A book of poems is a curious thing. Quite different from a novel, it seems to be closer in narrative structure to a museum or a church. The tour guide shows us stunning stained glass windows and also tombs of unknown saints. In Jennifer Militello’s newest book of poems, The Pact, Militello is this tour guide. She leads us through the halls of love. And, be prepared, we will see the dead.
Militello begins with a proem (a prologue poem) about agape: a parental type of love for all humans. This is a book about matters of the heart. However, because of Militello’s deft mastery over language, it is not simple. She tangles and dangles the language so thoughtfully, so daring that love becomes “fat as a blackberry” (5) and “It sings like/ the polished floors of a bank. It reads/all the lines in your palm as the equivalent/of death” (5). She takes our breath away and gives it back to us loaded with a new dictionary of language.
Militello’s poems are muscles — machines made from the flesh of language. They grind and burrow down into the subject. At the end of the poem, “Agape Feast” (5), love isn’t just a good force, but also a destructive one. It is an invisible tablet dissolved in a glass and aligned with a mercy so innocuous that the drinker doesn’t quite know it’s there. Militello uses this poem to drop us in this strange, uncertain place, as if we are in a new country. Everything we think about love will be challenged, questioned. Complications will occur.
As usual, there is a lovely darkness to her work. In the poem, “Sibling Medusa” Militello dunks the poem’s head in water until it reveals the complications of sibling love, “You are my sister. My love for you is a ladder/I climb until I fall” (11). Then later in the book, we hear of a mother figure, “It is heart. It is her heart. It is/the coldest place on earth. It is/a sample of ice core one million years old” (57). These images are brutal, truthful and honest. If Romantic poetry is the mossy side of a large rock, Militello’s work is the underside, where all of the salamanders and beetles live: that dark ecosystem of language which she unearths and puts up to the reader’s nose — commanding us to inhale, smell the freshness of the soil.
For me, The Pact is similar to both Sylvia Plath and Hélène Cixous’ work. First, like Plath, Militello’s use of repetition and anaphora creates a strong and commanding presence. We find ourselves mesmerized by the beating of the drum inside each poem. Part of me wants to label this work ” confessional,” but another part resists this cultural urge since confessional writing can be a sexist term for poetry written by women. Lidia Yuknavitch comments in a 2017 interview on LitHub, “…maybe interrupt the idea that women’s writing is confessional. That’s a market-driven label that has been pressed upon women writers that have been writing our hearts forever, and the only way to make it go away or change it is to simply begin to reject it and admit that women are participating in intellectual tradition and not off to the side, crying and weak.” The Pact is not weak and it isn’t for the weak. It is a beautiful, dark, homage to language and to the complications of this curious force called love.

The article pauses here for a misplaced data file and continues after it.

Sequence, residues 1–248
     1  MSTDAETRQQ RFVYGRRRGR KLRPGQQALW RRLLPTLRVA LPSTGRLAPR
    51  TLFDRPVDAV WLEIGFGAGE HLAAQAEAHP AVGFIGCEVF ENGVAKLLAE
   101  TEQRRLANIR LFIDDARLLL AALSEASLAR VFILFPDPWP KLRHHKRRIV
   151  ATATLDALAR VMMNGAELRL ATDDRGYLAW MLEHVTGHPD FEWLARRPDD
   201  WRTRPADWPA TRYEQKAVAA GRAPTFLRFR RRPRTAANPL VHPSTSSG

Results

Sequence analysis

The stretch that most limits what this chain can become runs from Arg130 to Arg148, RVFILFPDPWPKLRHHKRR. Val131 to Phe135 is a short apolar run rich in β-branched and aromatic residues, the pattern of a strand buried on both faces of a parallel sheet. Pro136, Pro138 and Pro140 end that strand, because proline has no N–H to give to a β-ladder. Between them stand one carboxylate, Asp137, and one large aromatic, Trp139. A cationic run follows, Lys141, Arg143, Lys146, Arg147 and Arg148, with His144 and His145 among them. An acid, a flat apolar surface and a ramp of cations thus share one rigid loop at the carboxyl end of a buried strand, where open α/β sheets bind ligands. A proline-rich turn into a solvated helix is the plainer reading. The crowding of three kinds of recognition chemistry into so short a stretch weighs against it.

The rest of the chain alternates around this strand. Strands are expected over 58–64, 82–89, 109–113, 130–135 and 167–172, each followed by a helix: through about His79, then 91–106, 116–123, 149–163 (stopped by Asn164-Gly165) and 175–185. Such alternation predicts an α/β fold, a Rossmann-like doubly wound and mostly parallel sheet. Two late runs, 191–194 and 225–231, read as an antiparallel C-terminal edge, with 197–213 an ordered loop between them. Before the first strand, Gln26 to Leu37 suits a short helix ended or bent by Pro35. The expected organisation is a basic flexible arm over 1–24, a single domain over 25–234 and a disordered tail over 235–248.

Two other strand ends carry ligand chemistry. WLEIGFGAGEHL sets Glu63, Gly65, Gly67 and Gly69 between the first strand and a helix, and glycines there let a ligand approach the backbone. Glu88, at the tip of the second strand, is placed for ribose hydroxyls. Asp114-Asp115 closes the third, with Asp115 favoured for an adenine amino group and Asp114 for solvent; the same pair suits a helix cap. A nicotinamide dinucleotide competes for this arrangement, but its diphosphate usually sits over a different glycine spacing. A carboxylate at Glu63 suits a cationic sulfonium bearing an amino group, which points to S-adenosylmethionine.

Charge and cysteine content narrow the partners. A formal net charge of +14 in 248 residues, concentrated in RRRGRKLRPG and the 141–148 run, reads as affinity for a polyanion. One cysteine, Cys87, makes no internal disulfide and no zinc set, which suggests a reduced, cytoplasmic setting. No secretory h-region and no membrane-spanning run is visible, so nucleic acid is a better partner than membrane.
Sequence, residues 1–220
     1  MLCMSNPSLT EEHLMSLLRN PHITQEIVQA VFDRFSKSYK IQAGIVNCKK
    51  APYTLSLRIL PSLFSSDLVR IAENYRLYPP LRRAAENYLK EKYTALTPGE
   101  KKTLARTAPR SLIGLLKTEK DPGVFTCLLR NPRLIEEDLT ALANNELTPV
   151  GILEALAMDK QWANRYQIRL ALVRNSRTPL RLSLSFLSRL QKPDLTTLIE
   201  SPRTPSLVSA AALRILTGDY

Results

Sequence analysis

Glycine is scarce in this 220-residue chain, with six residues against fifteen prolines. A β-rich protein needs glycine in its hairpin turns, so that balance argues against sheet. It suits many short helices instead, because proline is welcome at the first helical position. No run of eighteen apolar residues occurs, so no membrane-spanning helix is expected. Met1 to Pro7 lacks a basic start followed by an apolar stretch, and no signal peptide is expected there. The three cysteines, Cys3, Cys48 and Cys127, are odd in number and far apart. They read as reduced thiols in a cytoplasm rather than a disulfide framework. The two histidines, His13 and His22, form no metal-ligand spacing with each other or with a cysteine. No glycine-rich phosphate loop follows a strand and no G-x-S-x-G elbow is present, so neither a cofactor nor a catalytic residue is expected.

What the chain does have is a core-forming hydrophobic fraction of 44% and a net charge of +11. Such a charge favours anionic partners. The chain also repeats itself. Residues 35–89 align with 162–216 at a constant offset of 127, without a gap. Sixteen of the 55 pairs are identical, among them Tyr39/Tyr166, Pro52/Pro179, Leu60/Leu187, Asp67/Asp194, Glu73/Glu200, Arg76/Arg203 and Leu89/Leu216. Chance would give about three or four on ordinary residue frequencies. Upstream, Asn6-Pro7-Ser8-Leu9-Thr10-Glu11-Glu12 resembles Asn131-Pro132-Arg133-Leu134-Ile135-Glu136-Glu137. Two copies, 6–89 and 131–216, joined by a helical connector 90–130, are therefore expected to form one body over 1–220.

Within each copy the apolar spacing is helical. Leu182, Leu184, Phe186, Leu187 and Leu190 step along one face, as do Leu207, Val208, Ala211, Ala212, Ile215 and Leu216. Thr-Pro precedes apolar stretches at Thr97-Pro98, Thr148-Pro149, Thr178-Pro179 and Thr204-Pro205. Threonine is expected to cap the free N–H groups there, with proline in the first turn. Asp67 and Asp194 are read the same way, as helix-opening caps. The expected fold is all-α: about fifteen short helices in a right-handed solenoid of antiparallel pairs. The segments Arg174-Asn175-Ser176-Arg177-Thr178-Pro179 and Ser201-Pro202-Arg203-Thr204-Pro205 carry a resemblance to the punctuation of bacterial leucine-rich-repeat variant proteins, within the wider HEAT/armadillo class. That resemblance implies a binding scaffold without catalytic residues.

I happened to be reading Hélène Cixous’ book The Third Body as I was reading The Pact and I feel that Cixous writes of a similar painful romantic love to Militello, “my grief from the knowledge that he was leaving and my grief at seeing him leave crushed my bones and lacerated my skin, and yet I saw him gone, his back dripping with blood”(1) and later, “The body and the pain knew each other, and by being mixed together resembled one another, were named by the same words” (2). Romantic love can be painful. As Militello compares love to the cult (who
eventually committed mass suicide) at Jonestown . In “If Our Love Were Jonestown,” Militello writes, “We would/give up all we want and are. Emptied syringes/surrounding buckets of drink. The unwilling/in us would be injected with poison,/or shot. The promise of joy would lead us” (68). These images are astoundingly fresh and truthful. The sound quality is beautiful: clipped and muscular, like the trotting of horses.
In addition to the idea of love for other people, there is also the complicated love for home. In “Homesickness Is a Geographical Nostalgia,” Militello layers metaphor over metaphor, “This open door/like a sore healed over or a shape/one may shift. This part of me/adrift or lost at sea. This/part of me the blight one cannot cure” (20). Jane Hirshfield writes in her book, The Nine Gates of Poetry, that a poem is a type of concentration. She mentions Ezra Pound’s notion of a poem having three parts: melopoeia (music), logopoeia (intellect) and phanopoeia (image).
Militello brilliantly uses all three of these concepts. The musical quality of her poems is as gorgeous as the dark tones of an oboe. Hearing Militello read her work brings them to life in a way difficult to describe. Speak the following two lines, “This cape/I wear as if to cope” (20). This is a poet who truly listens to language. There is alliteration mixed with a beautiful near assonance of the vowels. In the poem, “Oxymoronic Love” there is unexpected use of images, “The collars of the coat, turned down,/point up. . .Our glass breaks slick, our teeth/rip soft” (25). What is poetry but breathing fresh oxygen onto language so that it will burst into flame? Militello does this so beautifully. The Pact will bind itself onto you. Hold it close. This is a stunning book that won’t let go.